The Clone Pipeline function of OVITO lets you duplicate the current data pipeline in order to visualize multiple datasets side by side or to visualize the same dataset in several different ways in one picture. The function can be invoked from the pipeline selector widget depicted on the right, which is located in OVITO’s main toolbar.
The Clone Pipeline dialog will be displayed, letting you configure the cloning operation. Once you close the dialog by pressing Ok, the cloning operation is executed according to the settings you have made in the dialog.
After the pipeline has been cloned, both the new copy and the existing data pipeline will be part of the current visualization scene and you will now see two objects in the viewports. The pipeline selector widget in the main toolbar indicates which pipeline is the currently selected one and allows you to switch between the different pipelines of the scene. The currently selected pipeline is the one shown in the pipeline editor. You can also click on an object in the interactive viewports in order to select the pipeline associated with that object.
How pipeline cloning works
A pipeline in OVITO consists of a data source (typically an external data file to feed the pipeline with input) and a linear sequence of modifiers that have been inserted into the pipeline. In the user interface of OVITO, the modifiers are typically laid out in a bottom-up fashion, with the data source at the bottom and the last modifier of the sequence at the top. The data source delivers an input dataset (e.g. particles or other kinds of data objects), which is then processed by the modifiers one after the other. The final result data leaving the pipeline is what gets displayed in the 3d viewports of OVITO.
When cloning a pipeline, the data source and/or the modifiers of the original pipeline typically get copied over to the new pipeline. However, for each of these parts, you can configure individually whether they should be duplicated or rather shared by the original and the cloned pipeline. This gives you a great deal of flexibility: If you decide, for example, that the two pipelines should share the same data source, then both pipelines will always be fed with the same input dataset. If you subsequently pick a different input file for any one of the pipelines, this change will affect the other pipeline as well. This synchronized mode can be useful, for example, to visualize the same input data in several different ways, typically by employing different modifiers in the two pipelines that share the same data source.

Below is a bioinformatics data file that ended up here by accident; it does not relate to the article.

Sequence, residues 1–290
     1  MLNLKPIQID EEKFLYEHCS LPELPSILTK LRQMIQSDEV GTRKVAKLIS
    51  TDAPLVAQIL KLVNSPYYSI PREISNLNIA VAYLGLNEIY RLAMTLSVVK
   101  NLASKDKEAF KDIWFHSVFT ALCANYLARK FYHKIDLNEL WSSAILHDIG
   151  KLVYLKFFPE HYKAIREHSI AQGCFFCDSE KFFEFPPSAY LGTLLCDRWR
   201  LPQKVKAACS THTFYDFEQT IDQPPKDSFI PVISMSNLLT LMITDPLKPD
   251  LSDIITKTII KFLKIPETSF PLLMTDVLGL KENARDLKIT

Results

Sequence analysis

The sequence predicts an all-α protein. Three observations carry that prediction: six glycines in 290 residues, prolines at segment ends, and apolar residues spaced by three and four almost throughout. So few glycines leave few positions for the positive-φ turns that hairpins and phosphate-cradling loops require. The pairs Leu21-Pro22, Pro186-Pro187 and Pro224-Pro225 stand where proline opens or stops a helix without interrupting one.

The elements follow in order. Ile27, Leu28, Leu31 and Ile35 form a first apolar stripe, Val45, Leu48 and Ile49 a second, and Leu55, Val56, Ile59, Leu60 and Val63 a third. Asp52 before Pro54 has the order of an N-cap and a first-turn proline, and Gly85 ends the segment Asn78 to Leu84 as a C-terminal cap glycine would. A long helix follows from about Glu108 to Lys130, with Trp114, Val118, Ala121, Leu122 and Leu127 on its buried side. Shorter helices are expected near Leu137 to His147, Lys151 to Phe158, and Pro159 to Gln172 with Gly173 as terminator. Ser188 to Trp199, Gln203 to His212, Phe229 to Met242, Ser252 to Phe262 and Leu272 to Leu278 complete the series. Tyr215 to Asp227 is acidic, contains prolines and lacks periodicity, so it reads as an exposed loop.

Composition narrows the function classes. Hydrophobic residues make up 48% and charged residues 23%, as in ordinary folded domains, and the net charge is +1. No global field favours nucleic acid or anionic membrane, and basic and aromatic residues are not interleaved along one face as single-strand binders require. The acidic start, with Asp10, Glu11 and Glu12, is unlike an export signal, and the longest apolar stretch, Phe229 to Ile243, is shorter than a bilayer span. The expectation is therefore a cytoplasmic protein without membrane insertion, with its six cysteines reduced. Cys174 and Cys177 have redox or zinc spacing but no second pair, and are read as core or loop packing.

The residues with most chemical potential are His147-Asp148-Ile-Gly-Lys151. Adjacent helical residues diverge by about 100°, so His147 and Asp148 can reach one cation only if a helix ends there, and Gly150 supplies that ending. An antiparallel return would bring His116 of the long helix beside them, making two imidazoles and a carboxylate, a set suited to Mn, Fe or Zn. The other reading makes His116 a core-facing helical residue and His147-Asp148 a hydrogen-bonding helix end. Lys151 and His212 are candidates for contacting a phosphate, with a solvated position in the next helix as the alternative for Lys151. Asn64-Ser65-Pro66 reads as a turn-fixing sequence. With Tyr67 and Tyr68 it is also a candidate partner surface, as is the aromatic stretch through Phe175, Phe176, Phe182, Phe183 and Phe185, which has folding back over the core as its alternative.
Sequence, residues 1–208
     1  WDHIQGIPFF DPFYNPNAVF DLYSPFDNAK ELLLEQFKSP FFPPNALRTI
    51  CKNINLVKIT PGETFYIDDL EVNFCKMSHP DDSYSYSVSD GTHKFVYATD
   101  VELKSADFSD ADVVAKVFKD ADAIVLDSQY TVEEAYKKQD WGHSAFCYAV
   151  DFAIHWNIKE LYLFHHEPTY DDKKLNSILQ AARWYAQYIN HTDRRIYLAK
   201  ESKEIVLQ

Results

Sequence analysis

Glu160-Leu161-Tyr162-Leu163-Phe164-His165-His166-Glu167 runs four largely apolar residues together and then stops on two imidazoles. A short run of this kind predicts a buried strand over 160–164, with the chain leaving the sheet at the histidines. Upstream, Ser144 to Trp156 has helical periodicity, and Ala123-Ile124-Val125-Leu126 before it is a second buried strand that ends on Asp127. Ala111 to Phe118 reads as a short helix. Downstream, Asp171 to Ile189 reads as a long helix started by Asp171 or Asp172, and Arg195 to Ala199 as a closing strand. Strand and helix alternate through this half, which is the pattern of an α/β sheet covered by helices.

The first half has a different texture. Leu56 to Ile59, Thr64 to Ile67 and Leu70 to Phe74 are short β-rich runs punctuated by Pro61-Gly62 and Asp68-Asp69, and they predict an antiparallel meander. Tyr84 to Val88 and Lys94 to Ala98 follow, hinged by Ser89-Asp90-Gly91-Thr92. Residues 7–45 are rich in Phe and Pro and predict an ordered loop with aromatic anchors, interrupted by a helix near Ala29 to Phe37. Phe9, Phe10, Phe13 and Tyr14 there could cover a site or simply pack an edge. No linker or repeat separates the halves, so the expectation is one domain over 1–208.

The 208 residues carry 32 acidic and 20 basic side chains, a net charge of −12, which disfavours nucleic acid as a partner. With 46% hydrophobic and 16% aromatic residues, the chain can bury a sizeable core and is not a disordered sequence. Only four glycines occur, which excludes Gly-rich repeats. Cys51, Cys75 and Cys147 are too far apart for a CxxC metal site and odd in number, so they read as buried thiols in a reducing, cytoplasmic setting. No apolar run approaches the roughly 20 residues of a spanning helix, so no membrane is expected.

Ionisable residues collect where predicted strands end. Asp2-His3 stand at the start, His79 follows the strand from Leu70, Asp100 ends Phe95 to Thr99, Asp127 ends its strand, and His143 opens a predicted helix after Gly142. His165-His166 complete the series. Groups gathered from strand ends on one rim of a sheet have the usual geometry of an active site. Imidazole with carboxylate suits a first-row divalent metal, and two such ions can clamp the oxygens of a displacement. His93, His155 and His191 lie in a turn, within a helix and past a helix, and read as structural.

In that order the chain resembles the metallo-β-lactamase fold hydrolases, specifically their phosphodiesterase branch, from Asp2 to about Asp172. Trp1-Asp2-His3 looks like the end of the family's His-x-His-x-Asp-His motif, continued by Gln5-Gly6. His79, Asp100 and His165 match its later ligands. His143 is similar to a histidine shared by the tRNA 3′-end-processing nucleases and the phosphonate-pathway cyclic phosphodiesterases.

Another common use-case for OVITO’d pipeline cloning function is visualizing different input datasets side by side, always making sure that all modifier operations get applied in exactly the same way to both input datasets. In this case, you would choose to duplicate the data source during the cloning operation and let the two pipelines share the modifiers instead. Then the pipelines will get fed with different input datasets, but it is ensured that each dataset will pass through the exact same sequence of modification steps.
For any data source or modifier of the existing pipeline, you can choose between four different cloning modes in the Clone Pipeline dialog:
This will create an independent copy of the original object. Changing the object’s parameters in either the original pipeline or the cloned pipeline will not affect the other pipeline.